Last Tuesday I joined Weight Watchers. Things have gotten out of hand (and by “things” I mean, me). Just promising myself I’d eat better wasn’t cutting it. Throwing in some exercise wasn’t cutting it. I needed a plan and I needed to be held accountable. I’ll admit, I felt very self-conscious when I walked through the door. I was thinking to myself, ” People who go to weight watchers are in their 50’s and are obese. I am going to feel so out of place.” I felt pretty uncomfortable doing it, but I opened the door and went in and launched myself into a new lifestyle.
I know I set this up to sound like I was completely wrong about Weight Watchers being the hangout of women of a certain age and a certain build. Actually, I was pretty spot-on. I attended my first meeting and of the more than 50 women present I was one of about 10 who looked younger than 40 and one of about 4 who looked younger than 30. What did surprise me was how much I enjoyed the meeting in spite of that. It was such a non-judgmental environment. No one cared that I’ve gone up three pants sizes in the last 8 months, not did anyone look at me and say, “Oh, you’re so young and skinny, you don’t need to be here!” (which sounds like a nice thing to say, but can be very frustrating when your good enough at excusing yourself without someone else’s help.) They accepted that I was one of them, a woman seeking to take care of her body and live and healthy lifestyle, and for that I was embraced.
I am a week into this journey and have done well so far, largely due to a book I read over the past week. It’s called Made to Crave and deals with developing and sustaining the godly desire to be healthy and to keep food in it’s proper place in our lives. The author talks about using the apostle Paul’s words, “Everything is permissable for me, but not everything is beneficial,” as a guide and I can honestly say that I find it very helpful. I am often tempted (about food or anything else I know I shouldn’t do) to feel that it’s just not fair that I can’t just have or do what I want, but this verse really changes my perspective. No one’s restricting me. I’m allowed to eat whatever I want. I am just making a choice that’s more beneficial. I think my mother would say that is called maturity. Ha.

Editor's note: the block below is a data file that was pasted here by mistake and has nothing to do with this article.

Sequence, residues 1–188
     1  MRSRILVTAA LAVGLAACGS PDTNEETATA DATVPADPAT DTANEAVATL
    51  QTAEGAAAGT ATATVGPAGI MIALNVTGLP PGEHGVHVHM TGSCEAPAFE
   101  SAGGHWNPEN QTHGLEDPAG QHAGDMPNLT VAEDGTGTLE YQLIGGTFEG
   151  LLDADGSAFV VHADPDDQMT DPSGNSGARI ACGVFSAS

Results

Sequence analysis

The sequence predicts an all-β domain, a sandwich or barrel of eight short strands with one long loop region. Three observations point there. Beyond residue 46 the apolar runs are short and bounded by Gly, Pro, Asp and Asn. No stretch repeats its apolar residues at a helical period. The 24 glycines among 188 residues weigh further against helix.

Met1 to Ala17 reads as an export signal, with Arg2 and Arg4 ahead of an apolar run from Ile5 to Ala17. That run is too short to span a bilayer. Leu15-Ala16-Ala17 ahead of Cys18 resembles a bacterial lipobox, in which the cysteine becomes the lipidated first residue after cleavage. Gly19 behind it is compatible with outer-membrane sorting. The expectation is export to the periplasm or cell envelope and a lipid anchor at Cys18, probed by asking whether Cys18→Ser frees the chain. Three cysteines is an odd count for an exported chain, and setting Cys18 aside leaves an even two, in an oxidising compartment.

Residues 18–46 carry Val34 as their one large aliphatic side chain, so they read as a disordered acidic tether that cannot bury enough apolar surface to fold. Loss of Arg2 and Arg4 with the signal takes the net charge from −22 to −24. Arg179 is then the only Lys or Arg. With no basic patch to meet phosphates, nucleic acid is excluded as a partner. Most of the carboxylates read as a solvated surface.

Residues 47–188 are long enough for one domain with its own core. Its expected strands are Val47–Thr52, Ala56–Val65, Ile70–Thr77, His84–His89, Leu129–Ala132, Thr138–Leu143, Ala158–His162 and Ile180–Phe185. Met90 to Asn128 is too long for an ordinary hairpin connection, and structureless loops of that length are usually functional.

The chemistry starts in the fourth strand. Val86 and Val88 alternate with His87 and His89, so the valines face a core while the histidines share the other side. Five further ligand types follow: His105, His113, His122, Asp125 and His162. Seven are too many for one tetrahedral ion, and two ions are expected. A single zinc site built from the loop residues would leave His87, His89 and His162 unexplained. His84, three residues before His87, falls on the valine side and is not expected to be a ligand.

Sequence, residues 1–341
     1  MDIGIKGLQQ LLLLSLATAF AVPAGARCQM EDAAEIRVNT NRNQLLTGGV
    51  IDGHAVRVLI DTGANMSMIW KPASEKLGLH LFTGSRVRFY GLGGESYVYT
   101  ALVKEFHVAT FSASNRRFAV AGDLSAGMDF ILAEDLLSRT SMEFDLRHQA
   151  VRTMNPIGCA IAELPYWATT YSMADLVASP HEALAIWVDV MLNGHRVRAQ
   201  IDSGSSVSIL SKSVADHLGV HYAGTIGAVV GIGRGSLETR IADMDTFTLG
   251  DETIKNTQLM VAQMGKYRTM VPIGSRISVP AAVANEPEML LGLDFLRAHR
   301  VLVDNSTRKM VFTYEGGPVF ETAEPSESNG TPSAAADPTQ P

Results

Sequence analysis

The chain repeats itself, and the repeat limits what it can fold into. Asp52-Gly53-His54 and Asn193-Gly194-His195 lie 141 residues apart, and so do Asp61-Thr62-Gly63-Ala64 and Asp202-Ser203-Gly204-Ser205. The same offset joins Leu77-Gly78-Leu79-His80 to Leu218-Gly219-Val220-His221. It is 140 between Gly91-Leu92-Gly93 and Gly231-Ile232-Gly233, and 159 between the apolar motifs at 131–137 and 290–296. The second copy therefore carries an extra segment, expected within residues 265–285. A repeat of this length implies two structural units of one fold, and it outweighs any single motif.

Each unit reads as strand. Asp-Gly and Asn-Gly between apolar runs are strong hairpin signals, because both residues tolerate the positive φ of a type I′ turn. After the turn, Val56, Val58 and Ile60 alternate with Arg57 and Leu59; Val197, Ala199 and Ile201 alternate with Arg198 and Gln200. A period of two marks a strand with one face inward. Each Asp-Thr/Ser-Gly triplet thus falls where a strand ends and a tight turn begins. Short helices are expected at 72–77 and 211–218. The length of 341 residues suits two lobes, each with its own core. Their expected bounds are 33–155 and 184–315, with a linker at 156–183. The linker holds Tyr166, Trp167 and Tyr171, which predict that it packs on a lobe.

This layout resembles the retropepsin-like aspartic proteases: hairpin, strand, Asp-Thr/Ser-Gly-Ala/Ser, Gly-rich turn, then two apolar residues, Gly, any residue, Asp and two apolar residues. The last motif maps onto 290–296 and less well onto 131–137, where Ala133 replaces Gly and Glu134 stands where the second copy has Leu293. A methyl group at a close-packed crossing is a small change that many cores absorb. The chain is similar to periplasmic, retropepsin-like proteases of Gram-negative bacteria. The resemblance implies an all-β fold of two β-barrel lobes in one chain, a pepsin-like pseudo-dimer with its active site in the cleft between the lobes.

I have come to realize that one of the reasons I’ve been struggling so much in this area over the past few months has to do with my adjustment to marriage. I have an overwhelming desire to be an amazing wife. I don’t just want to be good and loving, I want my husband to feel love oozing out of every piece of housework I do and every meal I cook. I deeply desire for my husband to think I am the best cook, the best homemaker, the best lover, the best friend, etc he could ever have imagined. The truth is…I am just me…and my husband already thinks all of these things are true. But that doesn’t stop me from feeling like I have to earn them sometimes. Consequently, I put a lot of pressure on myself most nights to create either elaborate meals, or at least meals that I know my husband really enjoys. The problem is, my husband’s favorite foods are delicious, but also tend to be pretty unhealthy. Even though I know intellectually it is better for both of us if I don’t make fettucine alfredo and stuffed potato skins every night, I so crave his praise that I had been unable to make a change.
One afternoon last week as I left work Sami called after me, “Goodbye, Lily! And you be good to Jonathan!” She cracks me up. I thought, “Of course I’ll be good to Jonathan. Goofball. I try all the time to be good to Jonathan.” Today I am thinking, maybe actually being good to Jonathan means not always doing the thing that will earn me the most praise. Maybe it means doing the thing that will truly be best for him and for myself, even if it doesn’t make him jump for joy. It amazes me how often I do things out of selfishness, even when I think my motives are completely other-centered.
So…here’s a new chapter in my life. A journey towards a healthier life, for my body and for my spirit.